Stephanie: Oh, god. It’s interesting. I was surprised coming into it, how slow-moving it is. I don’t know what I would necessarily speed up about it because, obviously, you don’t want a rushed job. It is weird talking about creative projects that you finished one to two years — your heart is in the next thing, very deep into the next thing. I think readers are often surprised by that. They think you just finished it, top of your mind, whatever. On the other hand, it’s great to have that distance because you’re not as vulnerable to it. When you get those first reactions, you’re a little — not a little. You’re vulnerable, of course. The more they come in and the more distance you have from it, the more excited you are about the next project, the less scared you are of that. That didn’t really answer your question. There’s certainly changes inside the industry; I think continuing to publish more diverse voices, own voices. It’s been great to see more women writers getting a lot of the spotlight. I feel like the publishing industry is also dominated by women, which is really lovely to have that sort of comradery. My experience with my specific publishers has been wonderful. I really can’t complain about that. The things that I would like to see are more just the overall industry versus my specific publishers.

Zibby: Got it. Amazing. Any other advice for aspiring authors?

Stephanie: I always say the first piece would be to set measurable goals for yourself. I know every writer says that. Really, I do think you can languish forever on something. If you don’t set something for — what am I working toward? It doesn’t have to be super aggressive if time doesn’t allow. I know everyone has busy schedules and full-time jobs. Whether it’s X number of words or one chapter or ten minutes or whatever, the sense of accomplishment that you have actually finishing a project or revising a project, it really goes a long way to making you feel like a legitimate writer. The second thing that I like to offer is getting feedback from a qualified source. I think that means, unless your family and friends are in the industry, not necessarily family and friends. In my case at least, they’re going to tell me what I write is great even when it’s garbage. That’s a tricky thing if you don’t have contacts, which most of us don’t, or if you haven’t done a program. There are lots of way to get that feedback.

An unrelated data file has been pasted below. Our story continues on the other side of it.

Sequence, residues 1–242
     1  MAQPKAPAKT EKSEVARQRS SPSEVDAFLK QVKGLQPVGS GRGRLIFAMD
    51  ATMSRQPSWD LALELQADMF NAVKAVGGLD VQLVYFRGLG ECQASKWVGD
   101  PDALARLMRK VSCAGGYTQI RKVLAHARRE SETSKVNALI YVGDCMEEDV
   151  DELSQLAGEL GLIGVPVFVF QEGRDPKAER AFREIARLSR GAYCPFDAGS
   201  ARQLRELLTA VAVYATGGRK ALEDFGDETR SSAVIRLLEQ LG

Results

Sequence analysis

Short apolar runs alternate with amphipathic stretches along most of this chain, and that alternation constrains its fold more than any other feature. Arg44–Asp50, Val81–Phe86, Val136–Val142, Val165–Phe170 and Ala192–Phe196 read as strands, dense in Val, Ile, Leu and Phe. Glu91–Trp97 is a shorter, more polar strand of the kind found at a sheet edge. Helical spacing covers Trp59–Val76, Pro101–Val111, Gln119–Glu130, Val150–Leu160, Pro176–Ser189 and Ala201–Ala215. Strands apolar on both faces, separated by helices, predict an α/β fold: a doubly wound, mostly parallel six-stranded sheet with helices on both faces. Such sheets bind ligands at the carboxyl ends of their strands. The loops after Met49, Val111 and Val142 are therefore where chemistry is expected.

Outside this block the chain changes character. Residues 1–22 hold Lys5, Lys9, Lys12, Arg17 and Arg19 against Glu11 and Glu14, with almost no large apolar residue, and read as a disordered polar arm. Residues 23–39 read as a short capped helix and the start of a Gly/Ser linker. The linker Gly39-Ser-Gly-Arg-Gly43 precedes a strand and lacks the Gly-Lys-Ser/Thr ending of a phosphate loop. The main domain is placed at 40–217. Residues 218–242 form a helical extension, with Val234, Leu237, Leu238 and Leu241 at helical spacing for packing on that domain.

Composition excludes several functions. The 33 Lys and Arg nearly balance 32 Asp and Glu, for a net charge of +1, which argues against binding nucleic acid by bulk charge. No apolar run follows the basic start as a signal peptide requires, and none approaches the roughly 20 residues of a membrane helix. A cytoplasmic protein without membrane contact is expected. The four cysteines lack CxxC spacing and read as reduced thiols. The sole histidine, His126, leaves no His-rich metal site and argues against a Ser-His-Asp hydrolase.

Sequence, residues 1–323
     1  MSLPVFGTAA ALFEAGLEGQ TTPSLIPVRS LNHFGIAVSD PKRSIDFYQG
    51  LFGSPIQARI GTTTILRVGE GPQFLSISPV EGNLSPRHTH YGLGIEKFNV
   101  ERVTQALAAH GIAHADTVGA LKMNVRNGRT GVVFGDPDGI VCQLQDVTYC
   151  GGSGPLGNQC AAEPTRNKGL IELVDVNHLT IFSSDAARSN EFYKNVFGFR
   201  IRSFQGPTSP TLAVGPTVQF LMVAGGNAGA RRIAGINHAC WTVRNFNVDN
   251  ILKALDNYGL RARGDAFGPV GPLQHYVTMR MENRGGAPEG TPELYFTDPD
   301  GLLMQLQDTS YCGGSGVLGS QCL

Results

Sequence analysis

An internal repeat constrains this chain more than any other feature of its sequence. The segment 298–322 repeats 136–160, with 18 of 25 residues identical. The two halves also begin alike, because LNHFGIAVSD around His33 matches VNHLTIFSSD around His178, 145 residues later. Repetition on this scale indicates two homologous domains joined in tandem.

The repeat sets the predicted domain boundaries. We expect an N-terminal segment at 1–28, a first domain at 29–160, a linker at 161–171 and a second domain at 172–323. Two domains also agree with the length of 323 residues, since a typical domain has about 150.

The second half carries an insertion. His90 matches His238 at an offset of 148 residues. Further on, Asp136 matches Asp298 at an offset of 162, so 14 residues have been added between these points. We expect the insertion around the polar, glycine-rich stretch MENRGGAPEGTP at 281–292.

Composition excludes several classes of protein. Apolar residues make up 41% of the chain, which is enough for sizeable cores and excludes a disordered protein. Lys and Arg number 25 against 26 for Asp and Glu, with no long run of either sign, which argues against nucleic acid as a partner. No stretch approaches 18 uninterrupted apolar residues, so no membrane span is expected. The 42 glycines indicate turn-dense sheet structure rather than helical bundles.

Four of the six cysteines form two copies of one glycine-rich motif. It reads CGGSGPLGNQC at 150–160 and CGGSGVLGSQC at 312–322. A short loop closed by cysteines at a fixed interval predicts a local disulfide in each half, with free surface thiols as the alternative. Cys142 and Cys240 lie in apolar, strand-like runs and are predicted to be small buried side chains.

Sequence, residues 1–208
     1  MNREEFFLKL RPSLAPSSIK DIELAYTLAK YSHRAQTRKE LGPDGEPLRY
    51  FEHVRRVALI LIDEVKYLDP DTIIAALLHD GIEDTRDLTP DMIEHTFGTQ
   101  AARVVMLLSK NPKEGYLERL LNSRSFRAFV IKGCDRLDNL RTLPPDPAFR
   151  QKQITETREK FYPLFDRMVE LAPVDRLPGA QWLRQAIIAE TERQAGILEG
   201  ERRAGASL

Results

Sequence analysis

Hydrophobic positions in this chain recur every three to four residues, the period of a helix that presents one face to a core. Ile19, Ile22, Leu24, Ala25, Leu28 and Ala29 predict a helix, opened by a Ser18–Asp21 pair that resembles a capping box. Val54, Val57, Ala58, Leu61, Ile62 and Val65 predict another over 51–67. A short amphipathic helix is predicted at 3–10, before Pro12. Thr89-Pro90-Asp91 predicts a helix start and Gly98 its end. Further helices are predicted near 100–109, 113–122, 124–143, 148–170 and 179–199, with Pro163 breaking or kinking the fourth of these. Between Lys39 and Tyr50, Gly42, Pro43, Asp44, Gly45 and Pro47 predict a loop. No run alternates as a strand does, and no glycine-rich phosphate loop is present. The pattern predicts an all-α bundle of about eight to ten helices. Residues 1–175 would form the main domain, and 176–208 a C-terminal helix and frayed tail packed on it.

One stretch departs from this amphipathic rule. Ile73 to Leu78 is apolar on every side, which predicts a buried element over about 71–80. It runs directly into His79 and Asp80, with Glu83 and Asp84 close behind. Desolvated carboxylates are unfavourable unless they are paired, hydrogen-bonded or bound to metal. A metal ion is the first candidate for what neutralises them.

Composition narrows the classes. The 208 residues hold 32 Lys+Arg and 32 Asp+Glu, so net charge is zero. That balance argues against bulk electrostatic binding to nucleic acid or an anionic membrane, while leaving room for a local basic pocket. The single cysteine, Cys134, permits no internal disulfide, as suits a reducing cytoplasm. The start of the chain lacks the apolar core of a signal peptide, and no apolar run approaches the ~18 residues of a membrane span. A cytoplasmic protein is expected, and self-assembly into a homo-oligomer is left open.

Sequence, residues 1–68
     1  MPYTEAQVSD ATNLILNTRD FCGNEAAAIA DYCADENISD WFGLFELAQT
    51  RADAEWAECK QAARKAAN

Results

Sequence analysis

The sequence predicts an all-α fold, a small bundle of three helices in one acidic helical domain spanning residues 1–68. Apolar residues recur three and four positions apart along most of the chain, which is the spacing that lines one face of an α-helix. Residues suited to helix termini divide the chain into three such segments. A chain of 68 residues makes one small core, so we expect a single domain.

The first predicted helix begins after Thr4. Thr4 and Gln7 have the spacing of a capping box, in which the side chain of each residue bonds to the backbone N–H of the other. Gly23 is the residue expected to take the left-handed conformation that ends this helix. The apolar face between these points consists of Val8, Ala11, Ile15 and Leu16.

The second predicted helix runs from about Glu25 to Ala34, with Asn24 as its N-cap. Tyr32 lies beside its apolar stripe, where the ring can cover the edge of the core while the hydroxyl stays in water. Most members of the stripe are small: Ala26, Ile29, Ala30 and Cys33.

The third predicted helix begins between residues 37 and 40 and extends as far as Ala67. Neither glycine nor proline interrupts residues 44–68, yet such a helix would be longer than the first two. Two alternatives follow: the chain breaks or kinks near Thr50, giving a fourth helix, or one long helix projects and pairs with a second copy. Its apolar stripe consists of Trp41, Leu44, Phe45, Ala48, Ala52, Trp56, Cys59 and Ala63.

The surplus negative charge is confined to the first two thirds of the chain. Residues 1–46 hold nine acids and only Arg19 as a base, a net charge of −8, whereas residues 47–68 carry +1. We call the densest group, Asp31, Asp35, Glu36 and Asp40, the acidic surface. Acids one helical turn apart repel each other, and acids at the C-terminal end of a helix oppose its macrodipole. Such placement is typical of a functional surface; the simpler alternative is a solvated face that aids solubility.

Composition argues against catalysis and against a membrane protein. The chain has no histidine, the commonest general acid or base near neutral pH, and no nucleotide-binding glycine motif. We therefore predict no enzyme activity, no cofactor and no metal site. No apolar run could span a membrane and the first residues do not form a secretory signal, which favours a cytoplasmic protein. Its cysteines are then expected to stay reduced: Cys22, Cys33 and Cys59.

The last one is to educate yourself on the industry. That’s almost — not almost. That’s a job on its own. It’s not just about the creative. You really also have to understand how the industry works, understand the process of querying to get an agent. All of that stuff, some of it’s easier to find than others. The getting an agent thing, there’s loads of information online. Even being in the industry myself, there’s stuff in terms of financials and things like that — there, that’s something that I wish was more — I wish the financials were less opaque and more shared. There can be a lot of secrecy around publishing. I don’t think that works to anyone’s benefit. I do wish that that sort of information was more widely available. There, that was a combo answer to your last two questions.

Zibby: I like it. I’ll take it. Stephanie, thank you so much. Thanks for coming back on “Moms Don’t Have Time to Read Books” and telling us about This Might Hurt and all the stuff you’re up to. Thank you.

Stephanie: Thanks, Zibby.

Zibby: Buh-bye.

Stephanie: Bye.

THIS MIGHT HURT by Stephanie Wrobel